A Liberty tree is shaken, showing easy nut removal (photo courtesy Dave Wilson Nursery.)

He also continues to evaluate test number P16.022, a yet-to-be-released self-fertile variety that will be called Lassen. It matures from seven to 14 days later than Nonpareil. As growers begin to remove Butte-Padre orchards, Burchell said this variety could be a potential replacement if it’s released.

Lassen produces a smallish, plump kernel similar to Ruby in shape, according to Blue Diamond grading information.

In addition, Burchell has a few more experimental self-fertile varieties that aren’t as far along as Lassen that he continues to assess.

Dave Wilson Nursery

Through an exclusive marketing agreement, Dave Wilson Nursery has begun offering Liberty, the second self-fertile almond variety from the breeding program of Zaiger Genetics.

It appears to mature about 10 days to two weeks later than Independence and Nonpareil, said Jereme Fromme, Dave Wilson Nursery vice president of sales and marketing. It also blooms about five days later than Independence.

“That’s obviously helpful in years where there’s a potential frost event,” he said. “The later the bloom is, the less likely you are to have a frost event, and that’s real critical.”

But Fromme cautioned the timeframes are based on just a few plantings around Stanislaus County and what has been observed by the Zaigers over the past 10 years. As more orchards are put in the ground in different parts of the state under different environmental conditions, he said they should get a better idea of bloom and harvest timing.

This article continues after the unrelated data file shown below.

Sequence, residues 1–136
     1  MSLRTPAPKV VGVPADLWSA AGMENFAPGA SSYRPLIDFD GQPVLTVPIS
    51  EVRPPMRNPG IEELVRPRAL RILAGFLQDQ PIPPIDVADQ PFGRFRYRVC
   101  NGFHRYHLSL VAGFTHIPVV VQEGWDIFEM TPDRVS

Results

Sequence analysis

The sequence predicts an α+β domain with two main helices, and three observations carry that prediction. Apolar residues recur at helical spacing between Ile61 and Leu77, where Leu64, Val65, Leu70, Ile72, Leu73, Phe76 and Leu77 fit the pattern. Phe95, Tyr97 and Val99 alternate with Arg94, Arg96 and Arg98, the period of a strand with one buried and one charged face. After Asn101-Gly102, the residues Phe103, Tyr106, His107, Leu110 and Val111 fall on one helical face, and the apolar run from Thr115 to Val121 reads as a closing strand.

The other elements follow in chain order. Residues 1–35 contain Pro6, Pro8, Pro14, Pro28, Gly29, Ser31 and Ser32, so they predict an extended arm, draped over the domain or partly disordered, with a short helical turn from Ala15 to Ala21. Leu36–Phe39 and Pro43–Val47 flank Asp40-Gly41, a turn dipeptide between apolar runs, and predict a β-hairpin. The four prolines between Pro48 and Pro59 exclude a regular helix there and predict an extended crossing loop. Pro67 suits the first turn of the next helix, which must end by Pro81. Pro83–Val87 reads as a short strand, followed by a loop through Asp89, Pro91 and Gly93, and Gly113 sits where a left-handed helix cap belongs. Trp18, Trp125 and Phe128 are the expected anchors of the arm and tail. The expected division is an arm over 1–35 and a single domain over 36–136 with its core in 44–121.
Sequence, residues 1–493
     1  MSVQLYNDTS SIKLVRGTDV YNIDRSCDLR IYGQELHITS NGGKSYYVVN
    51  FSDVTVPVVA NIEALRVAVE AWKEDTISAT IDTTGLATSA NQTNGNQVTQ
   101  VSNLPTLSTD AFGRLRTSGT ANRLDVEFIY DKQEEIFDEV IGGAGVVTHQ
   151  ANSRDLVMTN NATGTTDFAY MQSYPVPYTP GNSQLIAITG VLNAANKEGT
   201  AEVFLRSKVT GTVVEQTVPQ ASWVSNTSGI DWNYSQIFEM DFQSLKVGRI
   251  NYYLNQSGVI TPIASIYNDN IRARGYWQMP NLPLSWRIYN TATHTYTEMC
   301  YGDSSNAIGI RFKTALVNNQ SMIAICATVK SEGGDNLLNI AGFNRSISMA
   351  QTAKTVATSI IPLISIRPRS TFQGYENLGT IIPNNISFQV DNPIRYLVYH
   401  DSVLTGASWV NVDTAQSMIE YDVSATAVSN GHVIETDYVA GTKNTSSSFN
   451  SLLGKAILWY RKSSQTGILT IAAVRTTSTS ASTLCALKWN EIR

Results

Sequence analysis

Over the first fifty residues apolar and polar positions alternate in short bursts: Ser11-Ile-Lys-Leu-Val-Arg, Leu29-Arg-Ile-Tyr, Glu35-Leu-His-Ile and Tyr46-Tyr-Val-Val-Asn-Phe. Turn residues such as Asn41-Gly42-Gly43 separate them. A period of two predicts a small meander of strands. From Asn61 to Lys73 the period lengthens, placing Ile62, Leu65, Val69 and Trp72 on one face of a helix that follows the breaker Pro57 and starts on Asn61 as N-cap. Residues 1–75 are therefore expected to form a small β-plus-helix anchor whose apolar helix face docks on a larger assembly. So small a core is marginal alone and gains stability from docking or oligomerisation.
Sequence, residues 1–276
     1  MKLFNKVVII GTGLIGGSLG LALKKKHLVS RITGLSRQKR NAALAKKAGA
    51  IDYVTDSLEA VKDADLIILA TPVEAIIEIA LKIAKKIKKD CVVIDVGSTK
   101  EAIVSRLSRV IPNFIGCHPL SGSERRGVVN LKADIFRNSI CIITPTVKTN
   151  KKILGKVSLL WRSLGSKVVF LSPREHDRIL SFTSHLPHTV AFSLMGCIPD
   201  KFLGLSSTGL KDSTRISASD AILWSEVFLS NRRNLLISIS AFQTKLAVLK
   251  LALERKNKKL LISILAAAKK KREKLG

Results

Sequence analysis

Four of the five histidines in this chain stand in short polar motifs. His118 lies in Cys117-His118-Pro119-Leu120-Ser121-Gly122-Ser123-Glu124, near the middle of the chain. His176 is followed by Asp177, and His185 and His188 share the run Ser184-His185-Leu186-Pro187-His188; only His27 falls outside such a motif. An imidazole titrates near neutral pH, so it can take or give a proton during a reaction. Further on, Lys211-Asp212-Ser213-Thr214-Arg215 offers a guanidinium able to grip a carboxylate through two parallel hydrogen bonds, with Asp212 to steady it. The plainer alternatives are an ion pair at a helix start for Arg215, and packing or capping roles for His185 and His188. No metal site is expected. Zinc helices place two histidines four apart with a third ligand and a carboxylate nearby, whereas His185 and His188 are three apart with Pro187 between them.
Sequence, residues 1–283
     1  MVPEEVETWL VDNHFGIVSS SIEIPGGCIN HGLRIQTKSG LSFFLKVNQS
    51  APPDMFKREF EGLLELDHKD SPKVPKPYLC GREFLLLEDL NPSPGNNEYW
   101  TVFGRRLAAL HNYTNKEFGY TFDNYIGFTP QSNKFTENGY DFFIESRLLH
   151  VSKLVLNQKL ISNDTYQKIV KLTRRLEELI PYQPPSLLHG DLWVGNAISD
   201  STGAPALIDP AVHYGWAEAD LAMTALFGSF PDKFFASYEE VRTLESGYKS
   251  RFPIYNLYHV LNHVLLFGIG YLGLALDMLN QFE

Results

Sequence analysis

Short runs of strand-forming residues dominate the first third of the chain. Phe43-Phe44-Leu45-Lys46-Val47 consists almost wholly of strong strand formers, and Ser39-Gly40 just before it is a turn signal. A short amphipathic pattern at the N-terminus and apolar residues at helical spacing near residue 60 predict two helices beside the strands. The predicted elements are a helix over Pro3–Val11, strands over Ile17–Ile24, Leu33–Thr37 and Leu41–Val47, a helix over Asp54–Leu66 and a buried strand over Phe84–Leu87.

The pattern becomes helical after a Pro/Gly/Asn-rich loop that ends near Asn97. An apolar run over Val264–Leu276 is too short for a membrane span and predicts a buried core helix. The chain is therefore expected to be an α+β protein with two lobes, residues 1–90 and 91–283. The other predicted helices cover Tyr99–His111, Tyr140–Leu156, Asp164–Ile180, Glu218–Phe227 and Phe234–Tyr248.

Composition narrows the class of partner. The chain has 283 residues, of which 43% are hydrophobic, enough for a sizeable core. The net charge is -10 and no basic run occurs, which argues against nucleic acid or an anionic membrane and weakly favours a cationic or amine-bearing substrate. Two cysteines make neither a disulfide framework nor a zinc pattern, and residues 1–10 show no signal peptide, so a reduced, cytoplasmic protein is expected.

“I think what we’re going to find, and we find this with all varieties, is until you get critical mass, it’s kind of hard to say,” Fromme said. “Any given year and the growing practices could also change harvest windows.”

If the later timing holds, he said it could allow growers and custom applicators to spread out harvest, making more efficient use of their equipment.

A close-up shows the Liberty crop after hull split (photo courtesy Dave Wilson Nursery.)

Liberty produces a large, attractive kernel with a good shell seal. How it will be categorized by the industry remains to be seen.

“There are several different factors,” Fromme said. “It really isn’t until you get mass quantities from different regions that you can put them in a category.”

Unlike Independence, Liberty produces a more upright tree similar to Aldrich. Liberty trees are vigorous, and Dave Wilson will offer the new variety on all its commercial rootstocks. The nuts also shake cleanly from the trees, likely due to the more upright architecture, Fromme said.

Liberty is self-fertile and can produce a crop without beehives, although some growers still put a reduced number of hives in their orchards, much like they do with Independence.